Romance -vs- Women’s Fiction: The Smackdown

What is romance? What makes a romance a romance? What is Women’s Fiction? This is a point of difference I discuss in my PhD research, and it’s proved a bone of contention for my supervisor. She’s unhappy with the typing that separates fiction along gender lines. “Can’t it simply BE fiction?” she asks. However,, she understands this Imageclassification when it comes to explaining the difference between romance and, well, Women’s Fiction.

If it’s not clear what I’m yammering on about, let me define. We can argue about it you wanna, but for me, and maybe for many of you as well, romance is a love story with a happy ending or optimistic ending. The plot of a romance is driven by a love story between two people, driven by how the love develops, how it hits an obstacle, how that obstacle is overcome and how the love triumphs. That’s a Romance.

Women’s Fiction? Well, besides being an umbrella term that classifies and lumps together any novel written mostly by and for women (including romance, since most romance is written by women for women), Women’s Fiction is also a classification of a TYPE of novel where a female is the protagonist dealing with whatever life throws at her.

Trust me on this. I have it from editor’s and publishing houses that this is how it works.

So, Women’s Fiction? Think of the Bildungsroman, the “relationship novel” whereby the woman’s relationship may be with her husband, kids, mother-in-law, best friends. Think of a story that charts a woman’s voyage or self discovery, or her emotional/physical evolution, or her battle to take on City Hall. There may or may not be an element of a love story in a work of Women’s Fiction, but if it’s there it is only a sliver of the pie. Think of it this way: a love story is not what drives the plot in Women’s Fiction. As for the hallmark happily ever after? In Women’s Fiction there may or may not be a happy or optimistic ending, or a satisfying ending. There could be loose ends. OH DEAR GOD, Loose ends! But not always.

The bottom line, kids,  these are THE important distinctions between romance and Women’s Fiction. Women’s Fiction love may be a slice of pie. Romance is THE WHOLE PIE.

Have I mentioned how much I love pie? Especially cherry pie?

Anyhow, I know where I stand on this. I know what publishers think but I’m curious for your input.

33 thoughts on “Romance -vs- Women’s Fiction: The Smackdown

    • QED from the Latin, quod erat demonstrandum which comes from the Greek ὅπερ ἔδει δεῖξαι, which I understand as ‘that which had to be demonstrated,’ meaning you proved the point I am making.

  1. Women’s fiction is about the things that a woman endures, learns from etc. Just a women’s life/lot that may or may not have a romance also. It’s a personal journey rather than the journey of two people uniting.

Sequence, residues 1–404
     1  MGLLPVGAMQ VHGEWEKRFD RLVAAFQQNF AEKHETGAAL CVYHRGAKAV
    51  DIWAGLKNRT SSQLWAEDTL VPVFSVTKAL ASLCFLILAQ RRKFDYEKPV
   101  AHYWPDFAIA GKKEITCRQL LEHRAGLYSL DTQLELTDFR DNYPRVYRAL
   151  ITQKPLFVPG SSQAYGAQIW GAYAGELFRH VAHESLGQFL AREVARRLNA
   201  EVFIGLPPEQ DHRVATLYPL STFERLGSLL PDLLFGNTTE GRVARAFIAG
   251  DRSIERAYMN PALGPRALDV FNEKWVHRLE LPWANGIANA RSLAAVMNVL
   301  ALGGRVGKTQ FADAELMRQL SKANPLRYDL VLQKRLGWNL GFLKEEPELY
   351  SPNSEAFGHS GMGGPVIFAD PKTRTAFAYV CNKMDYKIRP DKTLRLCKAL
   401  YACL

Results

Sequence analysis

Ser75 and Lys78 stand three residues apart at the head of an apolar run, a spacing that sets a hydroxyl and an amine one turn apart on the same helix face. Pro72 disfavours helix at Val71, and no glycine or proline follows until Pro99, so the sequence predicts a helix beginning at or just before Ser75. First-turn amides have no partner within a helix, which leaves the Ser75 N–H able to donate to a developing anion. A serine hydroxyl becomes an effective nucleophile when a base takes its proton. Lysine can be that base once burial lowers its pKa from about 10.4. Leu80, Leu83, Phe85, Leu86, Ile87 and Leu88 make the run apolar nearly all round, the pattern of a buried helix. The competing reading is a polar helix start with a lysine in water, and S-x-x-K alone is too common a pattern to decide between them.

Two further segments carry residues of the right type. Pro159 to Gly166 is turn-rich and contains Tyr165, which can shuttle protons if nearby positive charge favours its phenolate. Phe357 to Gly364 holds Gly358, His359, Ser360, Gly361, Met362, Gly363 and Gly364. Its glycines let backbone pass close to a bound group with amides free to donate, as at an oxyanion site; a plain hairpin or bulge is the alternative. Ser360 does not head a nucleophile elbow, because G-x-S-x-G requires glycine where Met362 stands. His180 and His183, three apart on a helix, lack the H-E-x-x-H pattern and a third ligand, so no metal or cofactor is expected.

2. For me, a romance is the story of two people meeting and falling in love and deciding they want to be with each other. That’s it. I don’t mind if other things go on in the story as long as the central story is the romance. Which means that it isn’t “women’s fiction” because I am just as happy to read a romance that is from the male POV, or a male/male romance (that can hardly be considered as Women’s Fiction) as I am reading a book where I am in the head of both the male and female protagonists or just a female POV. Though, to be honest, I prefer the point of view of both protags and not just one which is why first person narratives rarely work for me.

    It doesn’t even need to be humans. It can be two cats falling in love, it is watching David Attenborough’s hermaphrodite leopard slugs mating or mating rituals of peacock spiders or penguins and gibbons and barn owls and any number of animals that mate for life. It can be a great story where two non-gendered wookies falling in love – I will read it! It is the behaviour that I love. The tension of the spider dancing, despearte for attention and that moment of “will he get the girl or not”. It isn’t women’s fiction. It is the nature of all living things!

    • How would you describe Women’s Fiction? Do you read it? Has there been a time you picked up a novel, expecting it was romance and found that you were reading Women’s Fiction?

      • Rural romance is often women’s fiction. Cliffhangers are when the ending doesn’t tie up loose ends and you know there’s a sequel coming.

      • HFN is fine. I’ve never really distinguised between HFN and HEA. If they’re together by the end of the book, that’s that for me! Cliffhangers are when I need to read the next book to see what happens to the love story. There are also continuing series where the romance is done but for some reason the author finds new obstacles to put in the h/h’s path and we get a trilogy…or more.

  3. Sandra, that was a great explanation – I find myself having to explain it to people all the time too. I tend to say a romance is about the relationship, women’s fiction is about the central (female) character’s journey to self-fulfilment. Often it includes a romance but that’s not the real focus of the story.

    • Thank, AC! It’s interesting that publishers have a box they tick for what they consider to be Women’s Fiction. It reminds me of the films from the ’30s and ’40s–The Women’s Pictures that always seemed to star Joan Crawford and Bette Davis. Someone I know refers to WF books and those movies as “kitchen sink stories” because they have everything tossed in.